Pattern recognition is one of those amazing abilities that humans possess which help us detect impending danger by calculating the probability of risk based on what we observe. As I observe the world around me, I’m constantly looking for patterns that some of us are overlooking or dismissing the connections between.
As the progressive left is hyper-focused on creating various social movements with the purpose of galvanizing Americans to look for oppressive behaviors directed at people of certain races, sexuality, and genders, there is an underlying movement that hasn’t been clearly identified, yet could be more coincidental than purposeful.
I am now tasked with asking the question: Is the West facing a subversive anti-human movement? I raise this question because there are several disturbingly similar patterns between the extreme forms of advocacy in the pro-abortion and environmentalist movements, which I find, have anti-natalist agendas.
Much like how neo-Marxists operate, the pro-abortion and environmentalist movements operate with an oppressor versus oppressed model. For the pro-abortion movement, the oppressed are pregnant women, but interestingly enough, the oppressors aren’t actually men but the children they carry in their wombs.
In response to the reversal of Roe v. Wade, pro-abortion activists would use phrases like “forced pregnancy” to give the imagery of pregnancy as being oppressive or forced upon them without the option to destroy the parasite within them. In addition, they would give situations of childbearing as being financially burdensome as “it” would hinder their “career” and shorten their personal progress.
From the perspective of the pro-abortion advocate, the unborn human being is ultimately oppressing the would-be mother as it leeches off her existence making it a necessity for women to have the option to end this natural parasitic activity.
So there isn’t any confusion, there is a vast difference between someone who is pro-choice and pro-abortion. Pro-abortion advocates see abortion as an essential aspect of healthcare for the possibility of ending the life of their procreation parasite and giving a deeper meaning to the phrase “Abortion is healthcare”. To disguise their disdain for human life, they casually redefine when life begins based on a week, and use dehumanizing language like “clumps of cells” to make abortion a less bitter pill to swallow for the masses.
If the unborn can be oppressors, then obviously the birthed have the possibility of oppressing not just people, but the entire ecosystem. From the environmentalist’s perspective, humans are oppressing the environment and in order to get rid of the oppression, we must take action to depopulate ourselves.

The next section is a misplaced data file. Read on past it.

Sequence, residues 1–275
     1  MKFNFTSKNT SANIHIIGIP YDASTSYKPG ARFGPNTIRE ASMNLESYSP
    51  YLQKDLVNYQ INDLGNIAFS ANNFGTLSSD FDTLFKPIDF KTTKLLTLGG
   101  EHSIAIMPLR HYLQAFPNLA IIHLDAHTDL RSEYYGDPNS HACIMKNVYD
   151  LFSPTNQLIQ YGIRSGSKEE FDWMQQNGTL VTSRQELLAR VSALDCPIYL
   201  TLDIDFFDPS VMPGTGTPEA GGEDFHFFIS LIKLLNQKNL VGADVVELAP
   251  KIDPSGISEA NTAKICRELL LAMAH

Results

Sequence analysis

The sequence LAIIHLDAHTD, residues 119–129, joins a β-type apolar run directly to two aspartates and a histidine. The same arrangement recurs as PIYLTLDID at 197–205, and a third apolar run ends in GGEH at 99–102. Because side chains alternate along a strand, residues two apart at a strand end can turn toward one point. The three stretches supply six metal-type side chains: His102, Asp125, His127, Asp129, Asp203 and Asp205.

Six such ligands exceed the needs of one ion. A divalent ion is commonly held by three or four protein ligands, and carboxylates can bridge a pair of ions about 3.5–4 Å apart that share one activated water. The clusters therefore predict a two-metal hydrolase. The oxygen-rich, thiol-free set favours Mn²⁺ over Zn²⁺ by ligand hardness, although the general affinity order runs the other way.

Common sense changes to reduce pollution will never be enough for the environmentalist, because the root of the problem is the people whose existence is dependent on the resources, we derive which as a side effect manufacture pollutants that oppress us all.
In the modern era, humans require fossil fuels to drive our cars, fly our planes, heat our homes, and conduct a litany of other activities that contribute to our survival. So, it’s simple math: fewer people, less pollution. We can’t murder people for the sake of the environment, but we can persuade people that avoiding procreation is showing mercy to your would-be children’s life circumstances by avoiding the detrimental ramifications of a decaying ecosystem.
Even Rep. Alexandria Ocasio-Cortez (D-NY) has publicly questioned whether we should still aspire to procreate because of the environment: “There’s scientific consensus that the lives of children are going to be very difficult. And it does lead young people to have a legitimate question: is it okay to still have children?”
Our existence is the problem because we will always be parasites to something. The efforts to reduce our carbon footprint have always been about reducing the human footprint.
At the root of both movements lies the belief that human life isn’t valuable, and starting from our conception, we are parasitic. We can shift our policies, behavior, and societal interests but it will not change our nature to destroy what’s around us. The only real solution for both movements is for us to take an anti-natalist stance and care not for the damning aftereffects.
How can we take seriously two movements that proclaim to care about people and our survival as a species while advocating for us to voluntarily castrate our desire to procreate?
The patterns are there but will we continue to dismiss their ultimate agenda, or will we continue to cave in to their incrementalism towards our species’ demise?